3 Reasons Your Sales Team Isn't Prospecting
Why Aren’t Your Sales Professionals Prospecting?
The economy has presented a host of challenges that have crowded out the crucial practice of prospecting. In the early months of the pandemic leaders overwhelmingly believed that COVID would alter the fundamentals of their business. Today those anticipated changes are beginning to solidify. As a result, selling has become more difficult which only adds to the already uncomfortable nature of prospecting. This aspect of selling has long been difficult and taxing and now that more distractions are surfacing it has become even more exhausting.
Sales professionals have been busy strategizing for a new market. They are considering the customer’s evolving economic position. They are relearning the stakeholder hierarchy. They are reconsidering how to position their solution and how to approach negotiations. All of these activities have made prospecting more onerous. The tendency to allow prospecting to falter is reflected in data from Forrester showing that sales professionals spend less than one-quarter of their time engaging directly with customers.
This lack of customer interaction is not only due to the demands associated with the redesign of other parts of the sales process. Decreasing customer engagement is likely also a result of waning confidence among the sales leadership attempting to re-learn prospecting in a changing market. An analysis of 405 executives showed a drop in confidence across all C-suite executives including the CEO, CIO, CFO, and COO according to research from Deloitte.
Here we examine the core reasons why sales professionals and sales leaders have allowed this important part of selling to diminish and how to respond.
The Challenge of Flattening Organizations
Organizations have learned a painful lesson from the pandemic: agility is necessary for long-term survival. Many businesses are developing this much-needed agility by developing flatter organizational structures. Research from the National Bureau of Economic Research concluded that “the number of levels in the management hierarchy between division heads and CEOs has declined by 25 percent.”
The authors of the study suggest that this change began as companies started to rely less on physical capital and more on human capital. The result is an environment in which more individuals possess decision-making power. Some, like leaders at McKinsey, refer to this new structure as a “network of teams.” While the intention behind this change is to become more agile, there is often an unexpected side effect: customer needs are becoming more fractious. A flat organization facilitates communication, but in doing so, it creates a moving consensus. For sales professionals, this development presents the challenge of prospecting in a setting where more stakeholders represent a wider array of needs and sensitivity to risk.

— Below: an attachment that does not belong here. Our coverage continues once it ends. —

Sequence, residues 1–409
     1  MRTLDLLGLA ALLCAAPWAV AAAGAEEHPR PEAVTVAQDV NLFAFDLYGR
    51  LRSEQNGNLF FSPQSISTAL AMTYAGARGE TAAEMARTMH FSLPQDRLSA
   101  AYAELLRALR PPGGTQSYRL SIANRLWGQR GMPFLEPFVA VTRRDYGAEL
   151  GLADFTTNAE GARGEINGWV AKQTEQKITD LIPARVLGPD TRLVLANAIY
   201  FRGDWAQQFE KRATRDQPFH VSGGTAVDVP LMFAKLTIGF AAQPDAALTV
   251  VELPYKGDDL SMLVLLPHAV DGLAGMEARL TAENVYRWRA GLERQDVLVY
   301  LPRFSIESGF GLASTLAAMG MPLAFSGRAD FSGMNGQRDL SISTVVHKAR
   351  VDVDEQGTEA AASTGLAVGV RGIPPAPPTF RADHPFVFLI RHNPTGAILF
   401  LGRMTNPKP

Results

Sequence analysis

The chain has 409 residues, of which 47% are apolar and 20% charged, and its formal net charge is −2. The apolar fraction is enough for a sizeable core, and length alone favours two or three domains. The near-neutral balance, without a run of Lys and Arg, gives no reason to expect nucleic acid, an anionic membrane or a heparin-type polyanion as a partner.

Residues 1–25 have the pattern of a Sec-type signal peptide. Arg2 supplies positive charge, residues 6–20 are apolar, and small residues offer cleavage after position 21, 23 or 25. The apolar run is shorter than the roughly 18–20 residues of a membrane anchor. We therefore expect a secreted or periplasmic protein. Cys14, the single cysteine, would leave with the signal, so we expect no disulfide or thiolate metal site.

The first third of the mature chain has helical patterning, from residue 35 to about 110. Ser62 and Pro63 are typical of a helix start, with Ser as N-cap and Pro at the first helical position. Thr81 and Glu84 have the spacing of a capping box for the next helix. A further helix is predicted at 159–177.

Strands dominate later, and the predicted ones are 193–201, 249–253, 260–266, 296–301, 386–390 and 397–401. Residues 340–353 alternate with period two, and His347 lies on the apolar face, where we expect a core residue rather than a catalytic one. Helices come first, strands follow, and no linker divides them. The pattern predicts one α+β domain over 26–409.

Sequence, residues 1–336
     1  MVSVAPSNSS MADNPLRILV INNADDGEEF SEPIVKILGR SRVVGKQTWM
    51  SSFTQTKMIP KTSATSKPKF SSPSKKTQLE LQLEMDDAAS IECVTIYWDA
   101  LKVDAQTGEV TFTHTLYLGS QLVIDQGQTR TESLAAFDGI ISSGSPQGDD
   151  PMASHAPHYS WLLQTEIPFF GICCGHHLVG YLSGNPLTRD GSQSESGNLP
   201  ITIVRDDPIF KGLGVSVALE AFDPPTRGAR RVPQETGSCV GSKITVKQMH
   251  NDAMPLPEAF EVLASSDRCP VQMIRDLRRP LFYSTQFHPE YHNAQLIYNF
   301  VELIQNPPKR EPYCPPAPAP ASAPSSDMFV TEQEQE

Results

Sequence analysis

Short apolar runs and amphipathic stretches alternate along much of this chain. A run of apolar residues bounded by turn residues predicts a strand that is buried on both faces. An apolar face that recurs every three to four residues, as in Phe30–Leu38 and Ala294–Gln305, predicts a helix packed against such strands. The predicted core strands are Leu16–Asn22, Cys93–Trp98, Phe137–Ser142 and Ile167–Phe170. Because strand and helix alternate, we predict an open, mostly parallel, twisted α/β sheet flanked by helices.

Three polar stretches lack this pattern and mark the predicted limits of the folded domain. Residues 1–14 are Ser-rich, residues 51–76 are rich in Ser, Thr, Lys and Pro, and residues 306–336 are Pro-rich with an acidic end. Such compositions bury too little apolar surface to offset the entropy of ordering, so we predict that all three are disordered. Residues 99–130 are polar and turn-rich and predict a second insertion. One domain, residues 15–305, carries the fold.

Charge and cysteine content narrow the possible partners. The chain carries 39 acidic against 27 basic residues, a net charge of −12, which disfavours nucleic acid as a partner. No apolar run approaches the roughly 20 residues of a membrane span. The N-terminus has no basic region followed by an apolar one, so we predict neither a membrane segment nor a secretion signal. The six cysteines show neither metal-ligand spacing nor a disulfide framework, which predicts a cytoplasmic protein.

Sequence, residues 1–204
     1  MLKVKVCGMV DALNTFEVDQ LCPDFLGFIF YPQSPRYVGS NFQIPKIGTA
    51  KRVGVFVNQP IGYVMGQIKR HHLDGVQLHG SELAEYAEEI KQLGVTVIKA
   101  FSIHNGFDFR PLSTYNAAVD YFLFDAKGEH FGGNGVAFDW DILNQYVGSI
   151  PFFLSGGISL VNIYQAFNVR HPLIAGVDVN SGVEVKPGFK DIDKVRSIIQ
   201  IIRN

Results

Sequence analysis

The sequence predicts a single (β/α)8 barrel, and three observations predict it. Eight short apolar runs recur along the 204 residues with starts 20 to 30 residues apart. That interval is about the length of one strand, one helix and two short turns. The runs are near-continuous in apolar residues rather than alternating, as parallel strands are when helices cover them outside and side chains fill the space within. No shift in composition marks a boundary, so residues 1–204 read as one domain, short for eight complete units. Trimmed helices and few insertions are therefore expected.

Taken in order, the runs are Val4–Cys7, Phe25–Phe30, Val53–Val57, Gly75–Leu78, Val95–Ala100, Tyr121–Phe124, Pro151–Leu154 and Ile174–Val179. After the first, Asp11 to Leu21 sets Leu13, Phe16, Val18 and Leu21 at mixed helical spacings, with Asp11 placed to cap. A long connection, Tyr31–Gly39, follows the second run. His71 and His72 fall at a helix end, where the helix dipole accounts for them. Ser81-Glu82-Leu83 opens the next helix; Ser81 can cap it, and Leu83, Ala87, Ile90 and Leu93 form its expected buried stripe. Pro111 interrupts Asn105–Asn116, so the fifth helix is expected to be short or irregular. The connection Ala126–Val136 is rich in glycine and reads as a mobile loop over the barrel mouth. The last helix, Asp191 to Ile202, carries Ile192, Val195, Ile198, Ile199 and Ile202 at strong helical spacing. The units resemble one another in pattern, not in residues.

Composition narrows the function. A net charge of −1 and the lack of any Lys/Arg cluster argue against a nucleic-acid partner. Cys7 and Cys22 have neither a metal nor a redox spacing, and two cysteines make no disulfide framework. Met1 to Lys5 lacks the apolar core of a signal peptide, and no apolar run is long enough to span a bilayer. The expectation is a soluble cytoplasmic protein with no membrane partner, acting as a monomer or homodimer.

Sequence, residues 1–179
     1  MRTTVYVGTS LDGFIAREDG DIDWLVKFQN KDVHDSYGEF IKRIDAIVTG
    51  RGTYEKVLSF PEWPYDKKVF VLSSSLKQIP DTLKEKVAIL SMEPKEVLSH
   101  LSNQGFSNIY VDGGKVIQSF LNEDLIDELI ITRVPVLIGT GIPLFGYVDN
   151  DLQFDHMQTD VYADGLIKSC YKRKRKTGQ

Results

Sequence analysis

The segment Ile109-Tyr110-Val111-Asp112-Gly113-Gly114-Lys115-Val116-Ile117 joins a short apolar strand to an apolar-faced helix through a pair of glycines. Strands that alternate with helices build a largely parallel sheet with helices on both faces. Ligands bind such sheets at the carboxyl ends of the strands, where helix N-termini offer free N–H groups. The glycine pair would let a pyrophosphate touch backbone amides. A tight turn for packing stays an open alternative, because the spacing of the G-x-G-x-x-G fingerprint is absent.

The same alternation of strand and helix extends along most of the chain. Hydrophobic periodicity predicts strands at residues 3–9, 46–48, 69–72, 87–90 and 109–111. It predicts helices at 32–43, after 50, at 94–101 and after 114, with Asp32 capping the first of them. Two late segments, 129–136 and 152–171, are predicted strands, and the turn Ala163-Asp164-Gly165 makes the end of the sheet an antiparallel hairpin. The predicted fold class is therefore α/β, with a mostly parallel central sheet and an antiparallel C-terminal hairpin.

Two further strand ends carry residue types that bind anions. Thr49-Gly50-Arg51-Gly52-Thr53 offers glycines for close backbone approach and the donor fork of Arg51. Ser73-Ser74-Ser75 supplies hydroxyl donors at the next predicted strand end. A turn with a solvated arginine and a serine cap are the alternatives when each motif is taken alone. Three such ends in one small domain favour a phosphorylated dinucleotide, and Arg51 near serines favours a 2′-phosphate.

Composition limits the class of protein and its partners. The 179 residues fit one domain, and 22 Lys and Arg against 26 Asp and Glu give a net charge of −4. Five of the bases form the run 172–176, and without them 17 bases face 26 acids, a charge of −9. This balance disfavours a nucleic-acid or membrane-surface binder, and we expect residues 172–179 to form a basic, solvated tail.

The trend of flattening organizations, however, also presents a benefit to sales professionals because as the authority in a business becomes shared, so does the pain. This means that if a sales professional can correctly identify the core pain in the organization, they can draft prospecting messaging that will resonate with all decision-makers.
This scenario gives the sales professional an important focal point as they formulate insights that will need to resonate with stakeholders. Additionally, in a flat organization, there tends to be a stronger emphasis on unity. Therefore, there is more value to a prospecting message that benefits more stakeholders and business units.
Traditional Prospecting Messages Are No Longer Resonant
Customer needs are changing. Therefore, the sales professional’s products and services are changing in response. The result is a top-to-bottom realignment process in which most, or every, aspect of the sales professional’s approach must change.
Across industries, customers are seeking solutions that feature flexibility, interoperability with existing processes, and scalability. As businesses look to the future, they are preparing for a world that presents greater volatility, uncertainty, and an intensified rate of change. The sales professional’s redesign of their process and solution is so expansive that additional research from Deloitte shows that nearly one-quarter of executives indicated that part of their response to the global pandemic was to serve new customers outside of the organization’s industry.